The costs of producing solar power are getting cheaper and cheaper all the time, and here’s one good example. According to Bloomberg, El Paso Electric Co., a power utility in the southwestern United States, has agreed to buy electricity from a solar power project, owned by solar panel manufacturer FirstSolar, for a much lower price than coal.
El Paso Electric Co. has apparently agreed to buy the electricity for 5.79 cents per kilowatt-hour. This is less than half the 12.8 cents per kilowatt-hour needed to pay for new coal plants.
So far, FirstSolar has developed over 50 megawatts of solar projects in New Mexico since 2011, and is planning for a further 21.5 megawatts by the end of 2013. The company has also been installing solar capacity elsewhere. Its project in Yuma County in Arizona was the biggest solar project running in the world back in October of last year.
Some analysts have long predicted that the costs of generating solar power will rapidly change to be able to compete with coal, and it looks like that’s already starting to happen. There are of course some federal and state subsidies at work on the price of power from this Macho Springs project. New Mexico’s state production tax credit is equivalent to between 2.5-2.7 cents per kilowatt-hour for the first decade of the project. There is also a 30 percent federal investment tax credit. Even when these are not counted, the price is still lower than Bloomberg’s stated average price for new coal plants.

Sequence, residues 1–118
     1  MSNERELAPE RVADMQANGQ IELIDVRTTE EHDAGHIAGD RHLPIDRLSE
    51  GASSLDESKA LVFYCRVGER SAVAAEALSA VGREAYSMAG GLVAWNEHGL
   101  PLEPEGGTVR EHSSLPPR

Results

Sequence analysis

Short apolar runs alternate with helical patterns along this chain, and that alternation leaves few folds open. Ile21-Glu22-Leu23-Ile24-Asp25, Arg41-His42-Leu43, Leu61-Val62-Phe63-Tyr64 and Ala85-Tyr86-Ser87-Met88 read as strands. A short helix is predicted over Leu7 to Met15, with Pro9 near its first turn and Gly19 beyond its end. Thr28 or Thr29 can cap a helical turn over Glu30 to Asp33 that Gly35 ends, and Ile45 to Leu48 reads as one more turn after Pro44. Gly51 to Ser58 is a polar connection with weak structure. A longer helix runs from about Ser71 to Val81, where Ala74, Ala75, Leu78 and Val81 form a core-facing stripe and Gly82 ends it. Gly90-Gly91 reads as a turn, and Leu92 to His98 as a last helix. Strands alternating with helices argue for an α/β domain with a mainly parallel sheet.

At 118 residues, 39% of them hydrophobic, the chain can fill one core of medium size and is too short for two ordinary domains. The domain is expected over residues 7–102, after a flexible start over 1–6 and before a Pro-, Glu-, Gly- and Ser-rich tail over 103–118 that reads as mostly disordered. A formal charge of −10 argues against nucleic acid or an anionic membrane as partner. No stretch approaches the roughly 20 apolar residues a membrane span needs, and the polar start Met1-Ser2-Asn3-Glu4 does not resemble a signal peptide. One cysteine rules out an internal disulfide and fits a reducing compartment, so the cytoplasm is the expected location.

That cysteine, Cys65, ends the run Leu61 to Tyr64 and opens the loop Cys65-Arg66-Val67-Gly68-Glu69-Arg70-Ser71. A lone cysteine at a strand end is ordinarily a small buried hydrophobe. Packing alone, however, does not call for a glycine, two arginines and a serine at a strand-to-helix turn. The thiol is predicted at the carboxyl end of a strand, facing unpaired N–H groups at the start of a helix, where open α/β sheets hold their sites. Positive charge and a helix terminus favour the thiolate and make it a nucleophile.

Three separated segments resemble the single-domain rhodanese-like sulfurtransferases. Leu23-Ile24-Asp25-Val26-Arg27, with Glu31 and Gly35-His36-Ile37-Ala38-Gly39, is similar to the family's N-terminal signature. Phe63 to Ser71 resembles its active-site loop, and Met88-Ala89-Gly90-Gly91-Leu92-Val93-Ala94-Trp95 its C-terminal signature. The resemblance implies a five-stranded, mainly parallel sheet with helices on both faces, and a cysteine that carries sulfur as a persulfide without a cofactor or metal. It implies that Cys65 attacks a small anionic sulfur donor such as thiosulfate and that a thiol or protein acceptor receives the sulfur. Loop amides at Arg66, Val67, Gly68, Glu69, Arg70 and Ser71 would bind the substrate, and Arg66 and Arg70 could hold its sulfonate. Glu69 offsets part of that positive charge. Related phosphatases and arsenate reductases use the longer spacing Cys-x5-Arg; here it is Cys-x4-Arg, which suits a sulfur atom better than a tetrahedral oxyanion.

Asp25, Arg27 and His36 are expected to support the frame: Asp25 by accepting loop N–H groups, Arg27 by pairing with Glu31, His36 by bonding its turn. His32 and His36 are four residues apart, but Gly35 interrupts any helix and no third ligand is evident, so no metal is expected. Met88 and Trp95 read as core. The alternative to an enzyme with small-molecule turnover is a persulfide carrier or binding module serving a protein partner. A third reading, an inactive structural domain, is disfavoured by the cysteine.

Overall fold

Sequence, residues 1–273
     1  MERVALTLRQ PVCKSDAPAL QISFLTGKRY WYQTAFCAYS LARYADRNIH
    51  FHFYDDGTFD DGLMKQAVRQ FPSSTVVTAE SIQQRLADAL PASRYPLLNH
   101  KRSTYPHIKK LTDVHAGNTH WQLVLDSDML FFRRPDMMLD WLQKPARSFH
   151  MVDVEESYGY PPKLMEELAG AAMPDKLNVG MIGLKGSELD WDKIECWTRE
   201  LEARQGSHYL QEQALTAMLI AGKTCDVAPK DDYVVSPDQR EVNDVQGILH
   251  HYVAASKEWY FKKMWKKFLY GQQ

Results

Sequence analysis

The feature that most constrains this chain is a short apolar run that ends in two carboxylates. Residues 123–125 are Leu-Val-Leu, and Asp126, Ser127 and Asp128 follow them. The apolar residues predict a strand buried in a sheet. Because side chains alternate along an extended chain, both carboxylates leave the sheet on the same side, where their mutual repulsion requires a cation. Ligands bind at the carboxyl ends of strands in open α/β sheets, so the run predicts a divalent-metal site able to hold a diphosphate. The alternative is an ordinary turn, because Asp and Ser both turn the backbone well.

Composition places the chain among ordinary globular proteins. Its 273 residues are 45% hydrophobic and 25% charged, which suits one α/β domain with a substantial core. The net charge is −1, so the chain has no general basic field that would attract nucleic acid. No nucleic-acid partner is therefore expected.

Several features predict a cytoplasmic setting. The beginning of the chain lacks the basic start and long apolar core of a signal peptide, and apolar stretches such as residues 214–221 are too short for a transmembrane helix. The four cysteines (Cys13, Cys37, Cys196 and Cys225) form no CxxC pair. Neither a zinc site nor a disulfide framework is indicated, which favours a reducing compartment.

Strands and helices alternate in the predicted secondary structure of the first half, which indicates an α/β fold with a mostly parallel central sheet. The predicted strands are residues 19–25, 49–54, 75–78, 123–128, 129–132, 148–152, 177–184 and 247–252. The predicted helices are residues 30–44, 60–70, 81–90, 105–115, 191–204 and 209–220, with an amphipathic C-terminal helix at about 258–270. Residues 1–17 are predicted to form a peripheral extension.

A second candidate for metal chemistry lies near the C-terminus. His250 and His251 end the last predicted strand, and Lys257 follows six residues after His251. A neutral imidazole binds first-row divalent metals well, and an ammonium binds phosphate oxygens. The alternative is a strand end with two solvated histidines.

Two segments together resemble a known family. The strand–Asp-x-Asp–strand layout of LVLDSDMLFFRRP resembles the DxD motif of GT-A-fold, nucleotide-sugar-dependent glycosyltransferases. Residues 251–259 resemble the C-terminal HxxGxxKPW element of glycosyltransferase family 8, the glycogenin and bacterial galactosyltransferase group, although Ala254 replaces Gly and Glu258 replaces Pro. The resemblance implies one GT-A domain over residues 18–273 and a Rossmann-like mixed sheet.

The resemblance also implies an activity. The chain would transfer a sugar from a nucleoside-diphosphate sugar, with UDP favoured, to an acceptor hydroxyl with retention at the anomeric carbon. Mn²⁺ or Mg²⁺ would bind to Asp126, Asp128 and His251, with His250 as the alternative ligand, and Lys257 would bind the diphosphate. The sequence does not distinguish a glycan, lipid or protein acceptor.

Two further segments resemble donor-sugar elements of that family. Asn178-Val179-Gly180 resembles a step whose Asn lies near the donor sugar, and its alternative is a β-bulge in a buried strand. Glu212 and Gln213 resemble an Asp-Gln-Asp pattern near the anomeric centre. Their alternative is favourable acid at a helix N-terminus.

And let’s not forget that even the big oil companies, even though they are making tens of billions in profit a year, for some strange reason still get government subsidies. I’d say some government subsidies to help develop solar power is money well invested.
Image: A FirstSolar project in Cimmarron, New Mexico